Source story by David Moore published in the summer issue of the Marshall County (Alabama) Magazine
Why do people race Unlimited Class hydroplanes?
It’s a desire to skim the water at 200-plus miles per hour. It’s a compulsion to alter hull designs, adjust propellers and tweak 3,000-hp turbine engines to their screaming peak.
Drivers and teams thrive on competition, pushing nerves and skills, willing every edge out of themselves and their boats to best all corners among the fastest of all racing craft. They crave the simple thrill of throwing up a 60-foot tall rooster tail as long as a football field. They race for the rush. They race to win.
Gadsden based Wiggins Racing team owner Milt Wiggins and co-owner and crew chief Charley Wiggins will be racing in the renewal of the hydroplane racing on Lake Guntersville this summer.
During high school in Gadsden in the early 1950’s, Milton Wiggins went boating on Lake Guntersville. It was all pleasure.
Along with throngs of others, he also went to watch boat racing. A tough swim-team competitor in school, the races revved his competitive nature to a captivating new level.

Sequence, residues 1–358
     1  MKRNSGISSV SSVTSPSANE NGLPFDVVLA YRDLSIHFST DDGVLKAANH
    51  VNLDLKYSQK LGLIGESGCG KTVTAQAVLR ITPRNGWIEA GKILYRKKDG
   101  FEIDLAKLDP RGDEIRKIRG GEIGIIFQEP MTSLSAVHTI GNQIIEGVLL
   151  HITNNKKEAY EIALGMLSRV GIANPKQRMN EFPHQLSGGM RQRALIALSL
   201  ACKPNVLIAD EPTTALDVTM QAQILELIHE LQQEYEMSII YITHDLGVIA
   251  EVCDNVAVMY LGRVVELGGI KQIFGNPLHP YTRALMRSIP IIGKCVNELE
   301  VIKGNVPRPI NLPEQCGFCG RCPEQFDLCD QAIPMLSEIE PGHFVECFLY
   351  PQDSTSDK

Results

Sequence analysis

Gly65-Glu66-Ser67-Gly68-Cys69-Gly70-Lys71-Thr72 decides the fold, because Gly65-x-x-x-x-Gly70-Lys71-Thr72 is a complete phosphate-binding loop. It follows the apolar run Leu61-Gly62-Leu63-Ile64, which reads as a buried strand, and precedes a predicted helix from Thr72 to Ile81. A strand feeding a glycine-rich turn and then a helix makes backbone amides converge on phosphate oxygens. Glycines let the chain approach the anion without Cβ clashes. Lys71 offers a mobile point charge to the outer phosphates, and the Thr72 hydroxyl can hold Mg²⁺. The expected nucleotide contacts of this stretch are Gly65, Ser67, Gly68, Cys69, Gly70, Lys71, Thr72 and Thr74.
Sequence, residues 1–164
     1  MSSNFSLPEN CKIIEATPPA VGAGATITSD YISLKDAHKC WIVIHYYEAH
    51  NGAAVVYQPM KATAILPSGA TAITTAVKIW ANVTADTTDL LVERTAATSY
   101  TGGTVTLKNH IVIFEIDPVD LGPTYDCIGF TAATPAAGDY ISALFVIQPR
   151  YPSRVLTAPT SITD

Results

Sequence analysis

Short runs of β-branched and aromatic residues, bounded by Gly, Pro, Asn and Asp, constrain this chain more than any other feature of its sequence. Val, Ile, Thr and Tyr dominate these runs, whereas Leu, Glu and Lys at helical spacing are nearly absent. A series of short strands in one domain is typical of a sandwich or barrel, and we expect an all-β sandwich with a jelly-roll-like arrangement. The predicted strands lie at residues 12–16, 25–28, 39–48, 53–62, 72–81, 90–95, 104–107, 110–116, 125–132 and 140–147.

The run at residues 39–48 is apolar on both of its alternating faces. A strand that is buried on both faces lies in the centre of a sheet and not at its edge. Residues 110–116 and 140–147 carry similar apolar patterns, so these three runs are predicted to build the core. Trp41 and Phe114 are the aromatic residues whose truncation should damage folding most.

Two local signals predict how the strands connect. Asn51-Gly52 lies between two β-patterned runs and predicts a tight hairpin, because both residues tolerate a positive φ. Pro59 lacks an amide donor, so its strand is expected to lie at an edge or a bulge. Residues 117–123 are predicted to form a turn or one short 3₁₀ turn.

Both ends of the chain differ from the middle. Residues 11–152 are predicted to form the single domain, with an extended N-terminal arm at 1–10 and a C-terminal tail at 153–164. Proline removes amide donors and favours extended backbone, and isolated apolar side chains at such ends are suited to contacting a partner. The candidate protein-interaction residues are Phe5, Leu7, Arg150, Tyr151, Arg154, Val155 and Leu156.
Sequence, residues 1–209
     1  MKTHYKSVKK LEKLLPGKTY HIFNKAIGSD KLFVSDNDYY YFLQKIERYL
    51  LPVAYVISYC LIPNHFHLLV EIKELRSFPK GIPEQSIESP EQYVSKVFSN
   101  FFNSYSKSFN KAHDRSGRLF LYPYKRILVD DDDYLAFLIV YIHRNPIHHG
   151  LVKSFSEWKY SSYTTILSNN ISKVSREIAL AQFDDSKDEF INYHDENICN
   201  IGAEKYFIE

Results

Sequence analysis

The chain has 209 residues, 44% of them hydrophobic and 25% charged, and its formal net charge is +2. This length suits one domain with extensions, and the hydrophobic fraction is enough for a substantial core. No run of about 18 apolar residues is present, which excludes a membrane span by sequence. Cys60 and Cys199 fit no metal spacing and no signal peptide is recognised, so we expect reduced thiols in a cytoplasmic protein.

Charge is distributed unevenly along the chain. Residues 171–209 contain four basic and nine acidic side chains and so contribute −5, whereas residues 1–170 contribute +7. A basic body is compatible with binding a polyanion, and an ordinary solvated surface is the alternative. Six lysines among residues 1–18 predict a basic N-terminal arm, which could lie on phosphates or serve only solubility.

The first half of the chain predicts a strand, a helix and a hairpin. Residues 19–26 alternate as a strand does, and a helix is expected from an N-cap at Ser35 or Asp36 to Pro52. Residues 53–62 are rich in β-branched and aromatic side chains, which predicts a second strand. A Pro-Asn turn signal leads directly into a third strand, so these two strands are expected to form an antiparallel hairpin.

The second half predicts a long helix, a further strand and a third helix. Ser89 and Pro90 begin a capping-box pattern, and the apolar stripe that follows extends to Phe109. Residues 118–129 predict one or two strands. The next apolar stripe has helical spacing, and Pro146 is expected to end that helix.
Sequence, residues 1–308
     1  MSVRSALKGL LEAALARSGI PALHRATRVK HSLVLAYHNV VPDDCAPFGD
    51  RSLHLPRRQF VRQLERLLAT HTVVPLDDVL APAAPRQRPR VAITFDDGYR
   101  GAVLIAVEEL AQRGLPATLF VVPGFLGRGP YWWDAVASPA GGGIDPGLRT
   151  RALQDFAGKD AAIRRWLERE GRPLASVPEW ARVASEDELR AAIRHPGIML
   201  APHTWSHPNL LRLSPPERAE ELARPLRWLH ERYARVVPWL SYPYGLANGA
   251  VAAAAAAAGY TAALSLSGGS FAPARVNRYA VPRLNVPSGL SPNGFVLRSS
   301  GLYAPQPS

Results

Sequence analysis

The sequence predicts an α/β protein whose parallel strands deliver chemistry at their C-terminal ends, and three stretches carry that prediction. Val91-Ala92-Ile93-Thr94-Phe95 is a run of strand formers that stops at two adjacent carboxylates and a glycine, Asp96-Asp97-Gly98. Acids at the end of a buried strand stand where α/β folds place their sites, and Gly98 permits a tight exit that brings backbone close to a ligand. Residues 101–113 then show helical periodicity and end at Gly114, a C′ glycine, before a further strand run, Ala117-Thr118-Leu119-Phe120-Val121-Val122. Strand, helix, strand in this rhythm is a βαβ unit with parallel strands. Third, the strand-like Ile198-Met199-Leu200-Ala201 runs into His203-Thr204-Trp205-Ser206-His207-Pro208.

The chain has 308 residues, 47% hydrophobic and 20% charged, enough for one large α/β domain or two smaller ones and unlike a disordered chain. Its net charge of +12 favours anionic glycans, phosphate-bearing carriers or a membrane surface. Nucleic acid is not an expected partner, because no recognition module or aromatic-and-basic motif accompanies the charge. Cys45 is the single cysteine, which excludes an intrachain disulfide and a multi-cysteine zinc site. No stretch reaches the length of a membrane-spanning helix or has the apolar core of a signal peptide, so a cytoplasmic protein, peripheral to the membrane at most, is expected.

So in 1953, his senior year, Milton took his newspaper route earnings and bought a small, rather beat up, homemade outboard race boat to “play with” on the nearby Coosa River.
Along the line, maybe in Scottsboro or Montgomery, Milton was thrilled to snag his first win. It only fed his drive and skill. “I learned quite a few things,” 82-year-old Milton says. Translate: he found ways to make his little boats go faster and faster.
Milton’s wife Joan and three children watched him race on weekends with runabouts and various hydroplanes across the Southeast. Though Dad didn’t push, his success was not lost on young Charley.
You can read all of the details of father and son working together to improve their race boats, some of the disastrous races they were in, and how they became a Racing Team with driver Cal Phipps. Click here for the complete story.
The revival of the Guntersville races looms huge for the Alabama home team, partly for the possibility of a sponsor-attracting win or finish for the U-27. But also, it’s personal for father and son. “We used to travel all over the country racing,” Charley says. “There’s very little of it done in the South anymore. With the history of hydroplane racing in Guntersville, I felt there was a good opportunity to revive the sport there.”
Milton Wiggins, ACBS member, and son Charley Wiggins hope to make a strong showing at Guntersville with driver Cal Phipps and their U-27. They work on it at their garage in Gadsden, where Milton also restores vintage wooden pleasure craft.